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Flawed WordPress plugin allows hackers to steal your database

A critical flaw in the WP Statistics plugin used by more than 300,000 WordPress sites can be exploited by thieves out for your database, researchers showed. Site administrators using an outdated plugin are at risk.

While working on WordPress plugin WP Statistics as part of a vulnerability assessment for their firewall offering, Sucuri researchers discovered an SQL Injection flaw.

“This vulnerability is caused by the lack of sanitization in user provided data,” the researchers warned. “An attacker with at least a subscriber account could leak sensitive data and under the right circumstances/configurations compromise your WordPress installation.”

Thanks to a special API, WP Statistics allows site administrators to fetch information on the number of visits by calling a simple shortcode. Certain values in the shortcode are passed as parameters for key functions. Had the parameters been sanitized, this wouldn’t be a problem. However, as Sucuri shows, this is not the case with the flawed WP Statistics plugin.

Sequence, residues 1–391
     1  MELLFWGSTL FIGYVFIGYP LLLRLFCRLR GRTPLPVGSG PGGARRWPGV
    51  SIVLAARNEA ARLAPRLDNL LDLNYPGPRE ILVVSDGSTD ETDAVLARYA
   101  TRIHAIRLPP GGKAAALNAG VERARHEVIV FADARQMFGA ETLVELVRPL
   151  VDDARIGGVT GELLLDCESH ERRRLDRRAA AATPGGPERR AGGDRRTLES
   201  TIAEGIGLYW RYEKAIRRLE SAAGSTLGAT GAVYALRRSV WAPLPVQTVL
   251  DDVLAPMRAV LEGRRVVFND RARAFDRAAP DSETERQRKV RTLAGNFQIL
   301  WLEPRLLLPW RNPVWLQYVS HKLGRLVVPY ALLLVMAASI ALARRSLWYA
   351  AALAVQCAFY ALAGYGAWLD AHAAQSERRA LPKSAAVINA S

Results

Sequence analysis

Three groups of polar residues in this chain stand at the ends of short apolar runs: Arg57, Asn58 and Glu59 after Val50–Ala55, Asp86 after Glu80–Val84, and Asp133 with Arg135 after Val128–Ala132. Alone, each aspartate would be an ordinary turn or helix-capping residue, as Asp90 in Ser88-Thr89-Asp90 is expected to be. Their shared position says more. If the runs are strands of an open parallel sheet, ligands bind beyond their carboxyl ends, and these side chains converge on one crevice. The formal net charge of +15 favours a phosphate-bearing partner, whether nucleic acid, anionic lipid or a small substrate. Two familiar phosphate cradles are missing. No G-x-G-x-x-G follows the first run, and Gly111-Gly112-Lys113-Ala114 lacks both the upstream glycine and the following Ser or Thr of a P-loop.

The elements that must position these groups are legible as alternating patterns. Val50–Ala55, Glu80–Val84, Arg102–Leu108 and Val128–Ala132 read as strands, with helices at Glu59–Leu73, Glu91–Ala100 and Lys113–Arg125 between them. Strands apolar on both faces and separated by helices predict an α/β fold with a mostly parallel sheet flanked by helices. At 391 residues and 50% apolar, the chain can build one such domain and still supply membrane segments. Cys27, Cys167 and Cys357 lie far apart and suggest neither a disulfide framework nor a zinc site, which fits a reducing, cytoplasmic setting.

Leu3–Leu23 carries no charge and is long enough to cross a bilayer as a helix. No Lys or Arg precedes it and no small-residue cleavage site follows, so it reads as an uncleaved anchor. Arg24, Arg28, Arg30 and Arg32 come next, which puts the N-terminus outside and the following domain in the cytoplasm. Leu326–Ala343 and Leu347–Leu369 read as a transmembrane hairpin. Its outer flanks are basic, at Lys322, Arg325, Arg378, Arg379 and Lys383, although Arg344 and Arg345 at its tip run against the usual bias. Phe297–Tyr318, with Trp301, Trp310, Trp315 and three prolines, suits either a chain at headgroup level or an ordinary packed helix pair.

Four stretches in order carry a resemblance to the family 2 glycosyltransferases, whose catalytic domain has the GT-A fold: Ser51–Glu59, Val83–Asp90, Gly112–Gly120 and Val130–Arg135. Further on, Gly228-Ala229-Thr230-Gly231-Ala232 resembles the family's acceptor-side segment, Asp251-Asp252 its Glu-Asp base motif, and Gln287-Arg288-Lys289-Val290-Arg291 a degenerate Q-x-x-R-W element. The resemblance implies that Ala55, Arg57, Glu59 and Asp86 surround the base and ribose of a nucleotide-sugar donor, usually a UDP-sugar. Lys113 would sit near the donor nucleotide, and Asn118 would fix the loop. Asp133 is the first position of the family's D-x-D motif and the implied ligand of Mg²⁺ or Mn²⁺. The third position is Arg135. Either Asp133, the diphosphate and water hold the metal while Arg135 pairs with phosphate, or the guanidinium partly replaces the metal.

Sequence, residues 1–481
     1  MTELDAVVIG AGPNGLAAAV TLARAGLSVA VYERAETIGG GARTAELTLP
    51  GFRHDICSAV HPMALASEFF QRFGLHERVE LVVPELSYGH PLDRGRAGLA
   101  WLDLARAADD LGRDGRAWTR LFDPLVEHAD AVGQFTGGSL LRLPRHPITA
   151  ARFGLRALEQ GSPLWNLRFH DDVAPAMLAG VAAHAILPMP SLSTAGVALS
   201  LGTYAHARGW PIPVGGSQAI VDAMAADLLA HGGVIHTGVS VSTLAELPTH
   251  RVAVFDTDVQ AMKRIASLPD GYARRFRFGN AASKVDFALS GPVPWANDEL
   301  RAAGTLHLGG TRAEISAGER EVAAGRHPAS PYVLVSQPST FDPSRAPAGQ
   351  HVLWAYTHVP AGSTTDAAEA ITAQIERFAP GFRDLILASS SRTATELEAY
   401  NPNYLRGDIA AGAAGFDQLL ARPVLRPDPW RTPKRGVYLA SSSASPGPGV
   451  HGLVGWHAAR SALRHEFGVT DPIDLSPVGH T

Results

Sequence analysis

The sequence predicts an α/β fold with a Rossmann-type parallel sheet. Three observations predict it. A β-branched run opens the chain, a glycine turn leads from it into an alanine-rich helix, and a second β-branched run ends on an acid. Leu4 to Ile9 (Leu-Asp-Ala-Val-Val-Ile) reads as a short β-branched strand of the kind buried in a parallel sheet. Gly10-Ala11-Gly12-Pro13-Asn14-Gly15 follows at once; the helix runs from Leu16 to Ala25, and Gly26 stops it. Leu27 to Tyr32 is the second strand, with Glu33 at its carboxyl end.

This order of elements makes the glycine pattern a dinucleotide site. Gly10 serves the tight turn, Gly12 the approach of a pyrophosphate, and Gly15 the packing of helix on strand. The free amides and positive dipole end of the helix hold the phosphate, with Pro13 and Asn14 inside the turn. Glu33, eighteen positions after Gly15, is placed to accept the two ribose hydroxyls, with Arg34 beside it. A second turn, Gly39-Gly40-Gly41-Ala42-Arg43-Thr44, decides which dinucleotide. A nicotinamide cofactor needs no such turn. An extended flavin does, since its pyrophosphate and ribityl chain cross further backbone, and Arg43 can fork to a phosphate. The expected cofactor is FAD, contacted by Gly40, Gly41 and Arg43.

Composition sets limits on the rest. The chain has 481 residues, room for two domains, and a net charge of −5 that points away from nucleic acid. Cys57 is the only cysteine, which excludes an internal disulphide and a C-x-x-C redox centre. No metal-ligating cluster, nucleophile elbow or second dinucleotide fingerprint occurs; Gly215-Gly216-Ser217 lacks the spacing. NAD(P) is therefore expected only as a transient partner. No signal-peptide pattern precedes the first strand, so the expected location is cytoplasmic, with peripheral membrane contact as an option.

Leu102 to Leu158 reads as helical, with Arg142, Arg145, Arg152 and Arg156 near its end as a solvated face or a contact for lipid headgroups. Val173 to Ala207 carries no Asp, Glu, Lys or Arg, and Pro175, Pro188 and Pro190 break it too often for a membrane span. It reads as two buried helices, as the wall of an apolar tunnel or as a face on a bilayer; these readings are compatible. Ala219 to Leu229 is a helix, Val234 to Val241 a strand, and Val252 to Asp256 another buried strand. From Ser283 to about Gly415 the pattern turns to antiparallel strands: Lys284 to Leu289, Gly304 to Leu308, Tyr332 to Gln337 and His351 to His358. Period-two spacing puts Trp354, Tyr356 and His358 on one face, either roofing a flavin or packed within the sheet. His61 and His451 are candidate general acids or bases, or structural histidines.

“This function doesn’t check for additional privileges, allowing subscribers to execute this shortcode and inject malicious data to its attributes,” according to the researchers.

After learning of the flaw, the team behind WP Statistics was quick to patch the weakness in WP Statistics version 12.0.8. Users maintaining a WordPress site with a lower version of the WP Statistics plugin are urged to install the latest iteration pronto.

SQL Injection (SQLi) is one of the oldest and most widespread web application vulnerabilities used by hackers to drop malicious payloads and control a web application’s database server. An SQL Injection vulnerability can affect virtually any website that relies on an SQL-enabled directory.

About the author

Filip TRUTA

Filip is an experienced writer with over a decade of practice in the technology realm. He has covered a wide range of topics in such industries as gaming, software, hardware, and security, and has worked in various B2B and B2C marketing roles. He likes fishing (not phishing), basketball, and playing around in FL Studio.

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